Botany student proves 'New England Banksia' a distinct species
The New England Banksia is largely restricted to the eastern edge of the New England Tableland, and is common in places along Waterfall Way. Ms Stimpson's research has raised this flowering plant, until now classified as a variety of the Hairpin Banksia (B. spinulosa), to the taxonomic level of a distinct species. The study was published in the open access journal PhytoKeys.
"I love the Proteaceae -- the family of flowering plants that includes the Banksia and Grevillea genera in Australia and Protea in South Africa," Ms Stimpson said. "Surprisingly, molecular evidence in recent years has shown the family's closest relatives are the Sacred Lotus and the plane trees. Species of Banksia survive in poor soil and still manage to produce marvellous flowers."
Margaret Stimpson wrote the paper in collaboration with Ian Telford, the Curator of the N.C.W. Beadle Herbarium at the University of New England, Professor Jeremy Bruhl, the Director of the herbarium, and Dr Peter Weston, Senior Principal Research Scientist at the National Herbarium of NSW, an international specialist in Proteaceae systematics.
Margaret's first project as an undergraduate student of botany at UNE was on the Proteaceae, and she's been collecting specimens ever since. Now working towards enrolling in a doctoral degree program, she said: "There are still species of Banksia out there that merit description, and I hope to test these in a PhD project."
Margaret established the species rank of the New England Banksia by detailed studies of its leaves, flowers, stem and fruit, and considerations of its ecology and distribution. She explained that it has two growth forms, the more common being a multi-stemmed small shrub with many flowers but few seeds. This form occurs where there has been regular burning, and the seeds need exposure to fire to open. The less common form, found where burning has not occurred, is a single-stemmed tree with many flowers and many seeds that open spontaneously without exposure to fire.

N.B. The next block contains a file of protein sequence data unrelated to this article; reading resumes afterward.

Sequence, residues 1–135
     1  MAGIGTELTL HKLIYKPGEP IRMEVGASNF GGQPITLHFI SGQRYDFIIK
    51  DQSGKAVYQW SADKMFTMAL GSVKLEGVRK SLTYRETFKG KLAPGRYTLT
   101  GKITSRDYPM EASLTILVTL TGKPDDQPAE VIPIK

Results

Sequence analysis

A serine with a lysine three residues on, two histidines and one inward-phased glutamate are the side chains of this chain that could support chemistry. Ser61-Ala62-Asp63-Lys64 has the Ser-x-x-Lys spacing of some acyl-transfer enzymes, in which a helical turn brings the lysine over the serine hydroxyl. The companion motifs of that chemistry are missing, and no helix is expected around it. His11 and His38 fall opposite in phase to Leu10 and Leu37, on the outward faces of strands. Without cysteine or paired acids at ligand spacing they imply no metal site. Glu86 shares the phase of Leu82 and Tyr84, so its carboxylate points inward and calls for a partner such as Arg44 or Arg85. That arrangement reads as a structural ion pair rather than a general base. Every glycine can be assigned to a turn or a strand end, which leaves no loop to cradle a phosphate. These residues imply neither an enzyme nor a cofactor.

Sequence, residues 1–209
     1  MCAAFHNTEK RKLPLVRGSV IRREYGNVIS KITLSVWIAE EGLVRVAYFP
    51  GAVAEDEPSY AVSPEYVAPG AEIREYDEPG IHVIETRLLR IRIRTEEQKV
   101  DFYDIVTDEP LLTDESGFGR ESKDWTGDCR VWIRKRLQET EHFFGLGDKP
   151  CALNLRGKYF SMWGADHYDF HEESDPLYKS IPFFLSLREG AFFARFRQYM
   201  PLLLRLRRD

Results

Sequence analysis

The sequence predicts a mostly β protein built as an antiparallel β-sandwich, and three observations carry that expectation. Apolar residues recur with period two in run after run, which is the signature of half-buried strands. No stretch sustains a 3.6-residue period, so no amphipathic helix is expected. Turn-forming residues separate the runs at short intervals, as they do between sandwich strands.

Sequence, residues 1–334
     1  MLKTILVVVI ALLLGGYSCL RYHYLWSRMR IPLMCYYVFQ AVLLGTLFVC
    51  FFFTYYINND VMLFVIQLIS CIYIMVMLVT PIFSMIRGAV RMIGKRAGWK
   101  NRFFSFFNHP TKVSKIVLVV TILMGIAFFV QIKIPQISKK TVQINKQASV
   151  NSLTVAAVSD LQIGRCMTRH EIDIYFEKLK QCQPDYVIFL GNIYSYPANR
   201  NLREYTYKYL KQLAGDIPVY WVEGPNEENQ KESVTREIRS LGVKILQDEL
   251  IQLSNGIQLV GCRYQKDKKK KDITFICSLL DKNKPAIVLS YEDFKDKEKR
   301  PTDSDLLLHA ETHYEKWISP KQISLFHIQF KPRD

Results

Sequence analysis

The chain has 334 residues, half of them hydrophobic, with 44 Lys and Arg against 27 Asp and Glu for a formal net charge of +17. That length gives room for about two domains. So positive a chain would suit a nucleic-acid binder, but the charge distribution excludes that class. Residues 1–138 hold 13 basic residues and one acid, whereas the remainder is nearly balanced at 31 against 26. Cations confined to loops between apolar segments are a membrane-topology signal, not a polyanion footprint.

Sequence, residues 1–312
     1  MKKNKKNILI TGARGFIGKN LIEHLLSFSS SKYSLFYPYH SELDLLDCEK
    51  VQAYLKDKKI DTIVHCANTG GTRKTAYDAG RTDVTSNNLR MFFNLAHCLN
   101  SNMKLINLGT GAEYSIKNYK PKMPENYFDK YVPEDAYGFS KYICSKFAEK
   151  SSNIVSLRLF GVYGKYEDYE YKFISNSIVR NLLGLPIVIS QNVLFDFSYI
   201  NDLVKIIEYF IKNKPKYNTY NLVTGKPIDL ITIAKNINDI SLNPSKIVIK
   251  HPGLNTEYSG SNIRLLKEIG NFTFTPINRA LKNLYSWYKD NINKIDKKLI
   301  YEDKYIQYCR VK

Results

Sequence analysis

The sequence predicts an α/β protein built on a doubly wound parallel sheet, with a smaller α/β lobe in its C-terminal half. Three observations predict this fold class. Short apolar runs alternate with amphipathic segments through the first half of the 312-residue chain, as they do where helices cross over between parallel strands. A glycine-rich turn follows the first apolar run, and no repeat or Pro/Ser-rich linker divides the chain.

Source: Pensoft Publishers
- 'New England banksia' a distinct species, botany student showsfrom Science DailyTue, 28 Aug 2012, 12:02:58 EDT
- Botany student proves 'New England Banksia' a distinct speciesfrom PhysorgTue, 28 Aug 2012, 11:30:55 EDT
Latest Science NewsletterGet the latest and most popular science news articles of the week in your Inbox! It's free!
Learn more about
Check out our next project, Biology.Net
From other science news sites
Popular science news articles
- Scripps researchers map out trajectory of April 2015 earthquake in Nepal
- First measurements taken of South Africa's Iron Age magnetic field history
- New study: Consumers don't view GMO labels as negative 'warnings'
- Mobile stroke treatment units may greatly improve survival rates, chance of recovery for ischemic stroke patients
- Astronomers discover powerful aurora beyond solar system
- Seahorse tails could inspire new generation of robots
- Human brain study by UCLA and UK researchers sheds light on how new memories are formed
- Neutrons find 'missing' magnetism of plutonium
- Autonomous taxis would deliver significant environmental and economic benefits
- New study shows South Africans using milk-based paint 49,000 years ago